The intention of project OSCAR is to introduce a wider variety of foods, including plants, vegetables and fruits, all of which have a higher nutritional value.
The government helps
The Zambian government has already allocated 20 hectares of land to Project OSCAR and promised to improve the roads leading to the community. The ultimate goal of this specific project is to create a functional village, including a school, teachers’ residences, facility buildings and a school garden. Another five hectares have been made available for the cultivation of vegetables, fruit and oilseeds. This land is the springboard for the Mungwi community to become self-reliant.
“Many NGOs work in Africa and are doing great work, but there is so much more to do at grassroots level. Working together in partnership and sharing resources is one of the most important issues,” says Bryan.
The SRFZ already has two shipping containers full of agricultural, educational and medical materials donated by Western Australians ready to be sent to Zambia’s Northern Province. What is needed now is the means to transport the two containers and the bakers, who will travel to Zambia, ready for the planting season and the rains, which begin in September.
“The vision for project OSCAR is to create a model that can be duplicated so that local people can replicate the learning process from village to village and pass on their knowledge and skills,” says Nigel. “Self-reliance is needed to empower the community so that they are not dependent on aid and donations.”
Need help badly
Nigel and Byron took on the challenge of raising money to ship the containers to Zambia. For this to happen, A$30,000 was needed. While the target was not fully met, the volunteers left with one container at the end of August and the remaining container will be shipped once the funds are raised. A fundraising project has been set up on SRFZ’s website (www.selfrelianceforZambia.org) where people who want to help with shipping costs can buy ‘miles’ and receive a password-protected photo-video website in return. The sum of A$2.50 buys one kilometer of the journey.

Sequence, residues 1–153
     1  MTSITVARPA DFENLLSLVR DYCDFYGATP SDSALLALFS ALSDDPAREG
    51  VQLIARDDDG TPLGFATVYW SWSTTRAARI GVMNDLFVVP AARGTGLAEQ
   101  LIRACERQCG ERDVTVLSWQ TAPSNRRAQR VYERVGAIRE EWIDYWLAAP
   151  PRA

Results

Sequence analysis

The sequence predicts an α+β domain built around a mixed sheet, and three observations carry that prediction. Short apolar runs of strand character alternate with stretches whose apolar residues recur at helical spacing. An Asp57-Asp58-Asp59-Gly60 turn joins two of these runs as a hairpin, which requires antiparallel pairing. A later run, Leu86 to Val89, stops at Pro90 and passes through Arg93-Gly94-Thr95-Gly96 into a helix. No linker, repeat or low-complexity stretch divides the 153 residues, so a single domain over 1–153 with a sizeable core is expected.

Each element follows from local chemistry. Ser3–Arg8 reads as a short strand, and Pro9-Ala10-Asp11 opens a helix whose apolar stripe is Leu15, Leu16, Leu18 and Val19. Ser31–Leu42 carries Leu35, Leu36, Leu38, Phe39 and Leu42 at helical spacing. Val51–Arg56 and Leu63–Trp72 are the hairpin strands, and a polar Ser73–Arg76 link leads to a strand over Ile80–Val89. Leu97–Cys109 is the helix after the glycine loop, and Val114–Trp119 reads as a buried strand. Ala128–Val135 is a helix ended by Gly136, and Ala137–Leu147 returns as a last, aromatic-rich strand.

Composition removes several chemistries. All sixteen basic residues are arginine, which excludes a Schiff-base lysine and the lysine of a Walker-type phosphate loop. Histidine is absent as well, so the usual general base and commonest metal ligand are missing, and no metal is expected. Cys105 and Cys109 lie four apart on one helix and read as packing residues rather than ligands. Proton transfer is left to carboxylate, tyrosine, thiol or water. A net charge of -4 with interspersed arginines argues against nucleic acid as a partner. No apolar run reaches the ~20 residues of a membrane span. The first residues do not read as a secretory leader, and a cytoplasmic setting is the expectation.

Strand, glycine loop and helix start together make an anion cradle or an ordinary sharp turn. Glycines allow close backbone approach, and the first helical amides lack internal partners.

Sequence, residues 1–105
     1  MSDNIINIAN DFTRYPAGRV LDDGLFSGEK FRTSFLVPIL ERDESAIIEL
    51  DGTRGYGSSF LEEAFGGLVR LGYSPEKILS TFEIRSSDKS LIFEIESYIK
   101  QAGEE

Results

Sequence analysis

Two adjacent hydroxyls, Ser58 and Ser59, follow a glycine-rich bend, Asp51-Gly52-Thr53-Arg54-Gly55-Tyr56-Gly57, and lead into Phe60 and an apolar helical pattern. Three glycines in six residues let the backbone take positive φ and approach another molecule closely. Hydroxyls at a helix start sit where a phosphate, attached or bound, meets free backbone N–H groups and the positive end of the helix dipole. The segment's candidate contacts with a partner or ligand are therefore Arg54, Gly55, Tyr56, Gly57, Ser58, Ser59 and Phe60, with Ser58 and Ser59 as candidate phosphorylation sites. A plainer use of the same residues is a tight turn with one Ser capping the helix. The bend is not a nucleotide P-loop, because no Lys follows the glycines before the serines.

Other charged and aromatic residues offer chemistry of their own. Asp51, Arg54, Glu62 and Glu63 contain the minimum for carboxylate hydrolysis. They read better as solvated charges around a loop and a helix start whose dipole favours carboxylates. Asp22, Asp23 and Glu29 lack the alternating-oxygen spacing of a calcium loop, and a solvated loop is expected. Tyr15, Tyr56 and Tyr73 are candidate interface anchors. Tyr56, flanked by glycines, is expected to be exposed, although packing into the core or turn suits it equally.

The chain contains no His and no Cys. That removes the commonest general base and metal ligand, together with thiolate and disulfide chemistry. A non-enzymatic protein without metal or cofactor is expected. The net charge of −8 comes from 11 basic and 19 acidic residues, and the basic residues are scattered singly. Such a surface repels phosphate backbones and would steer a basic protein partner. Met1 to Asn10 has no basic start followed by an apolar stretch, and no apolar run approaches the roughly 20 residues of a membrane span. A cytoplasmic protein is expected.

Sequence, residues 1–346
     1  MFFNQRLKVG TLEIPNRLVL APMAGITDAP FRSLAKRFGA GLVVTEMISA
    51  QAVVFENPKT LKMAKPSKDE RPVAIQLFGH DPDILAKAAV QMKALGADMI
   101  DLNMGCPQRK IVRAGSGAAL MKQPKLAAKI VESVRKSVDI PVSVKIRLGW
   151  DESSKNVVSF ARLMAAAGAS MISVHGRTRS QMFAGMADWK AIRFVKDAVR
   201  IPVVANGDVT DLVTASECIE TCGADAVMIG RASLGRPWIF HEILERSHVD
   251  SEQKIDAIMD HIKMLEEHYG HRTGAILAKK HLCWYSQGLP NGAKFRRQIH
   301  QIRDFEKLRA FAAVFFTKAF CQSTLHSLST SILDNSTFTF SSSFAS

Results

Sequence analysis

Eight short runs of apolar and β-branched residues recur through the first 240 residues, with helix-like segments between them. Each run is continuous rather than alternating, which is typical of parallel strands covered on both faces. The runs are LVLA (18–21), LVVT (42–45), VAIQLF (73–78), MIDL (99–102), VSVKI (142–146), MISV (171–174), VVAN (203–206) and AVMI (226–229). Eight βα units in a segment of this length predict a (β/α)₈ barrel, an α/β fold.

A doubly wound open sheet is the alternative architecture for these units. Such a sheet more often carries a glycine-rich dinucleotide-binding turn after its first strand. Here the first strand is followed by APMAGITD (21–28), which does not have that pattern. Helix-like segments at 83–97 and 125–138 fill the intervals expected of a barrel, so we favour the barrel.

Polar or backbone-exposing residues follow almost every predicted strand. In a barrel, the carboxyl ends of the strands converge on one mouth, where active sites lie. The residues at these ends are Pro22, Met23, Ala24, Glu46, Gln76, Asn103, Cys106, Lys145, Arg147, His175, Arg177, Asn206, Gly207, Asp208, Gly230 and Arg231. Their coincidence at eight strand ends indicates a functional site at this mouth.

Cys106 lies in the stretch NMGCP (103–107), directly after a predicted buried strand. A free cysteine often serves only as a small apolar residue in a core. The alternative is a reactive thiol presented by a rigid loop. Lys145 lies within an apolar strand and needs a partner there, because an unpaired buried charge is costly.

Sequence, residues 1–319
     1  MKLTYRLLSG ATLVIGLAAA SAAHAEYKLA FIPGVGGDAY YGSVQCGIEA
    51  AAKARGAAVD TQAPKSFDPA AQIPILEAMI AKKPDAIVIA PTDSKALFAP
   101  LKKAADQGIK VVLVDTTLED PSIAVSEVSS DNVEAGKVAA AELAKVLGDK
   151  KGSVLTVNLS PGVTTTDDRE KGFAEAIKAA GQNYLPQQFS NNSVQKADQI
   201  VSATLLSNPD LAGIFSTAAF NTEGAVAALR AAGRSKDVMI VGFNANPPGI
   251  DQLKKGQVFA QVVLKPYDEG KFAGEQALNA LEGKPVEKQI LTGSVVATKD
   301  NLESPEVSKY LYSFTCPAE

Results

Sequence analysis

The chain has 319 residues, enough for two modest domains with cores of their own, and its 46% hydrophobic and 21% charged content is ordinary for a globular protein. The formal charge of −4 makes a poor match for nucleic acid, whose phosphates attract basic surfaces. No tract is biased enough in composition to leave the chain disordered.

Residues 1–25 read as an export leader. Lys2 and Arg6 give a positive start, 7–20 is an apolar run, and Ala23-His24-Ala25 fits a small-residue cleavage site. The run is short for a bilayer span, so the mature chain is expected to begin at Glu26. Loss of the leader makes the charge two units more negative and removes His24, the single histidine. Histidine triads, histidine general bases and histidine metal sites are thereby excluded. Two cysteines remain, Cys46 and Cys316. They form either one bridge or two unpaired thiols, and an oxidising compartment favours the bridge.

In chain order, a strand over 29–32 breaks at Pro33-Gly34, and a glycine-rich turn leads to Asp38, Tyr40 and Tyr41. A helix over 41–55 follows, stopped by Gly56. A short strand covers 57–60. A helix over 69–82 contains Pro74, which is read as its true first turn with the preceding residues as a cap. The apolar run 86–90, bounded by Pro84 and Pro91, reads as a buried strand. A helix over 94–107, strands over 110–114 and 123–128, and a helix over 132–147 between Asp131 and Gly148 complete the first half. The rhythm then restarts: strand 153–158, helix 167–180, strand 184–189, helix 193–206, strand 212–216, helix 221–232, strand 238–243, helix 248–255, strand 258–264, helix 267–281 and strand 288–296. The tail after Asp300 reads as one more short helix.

The goal is self-reliance
The Bakers plan to live in Mungwi District to devote their skills to educating and improving the lives of the community. For the Mungwi district to become self-sufficient, the cycle of poverty must be broken, and this can only happen through the implementation of better health and education initiatives. Currently, poor harvests and food security lead to malnutrition and make a large part of the population susceptible to disease.
The lack of infrastructure isolates communities from much-needed facilities, including hospitals and clinics. The natural water supply that is readily available is in poor condition and needs to be treated. Self-reliance for Zambia expects to develop the community in such a way that self-reliance and self-reliance are achieved.
The costs are high
The challenges to achieve this are mainly related to the high cost of such a large-scale project, the difficulty of transporting materials and the general lack of tools.
Successful implementation will help the whole community – especially those more disadvantaged by the lack of services, such as orphans, widows and the disabled.
SRFZ is about empowering individuals and families to help themselves, their families and ultimately their communities. All profits go directly into the project for running costs and educational materials.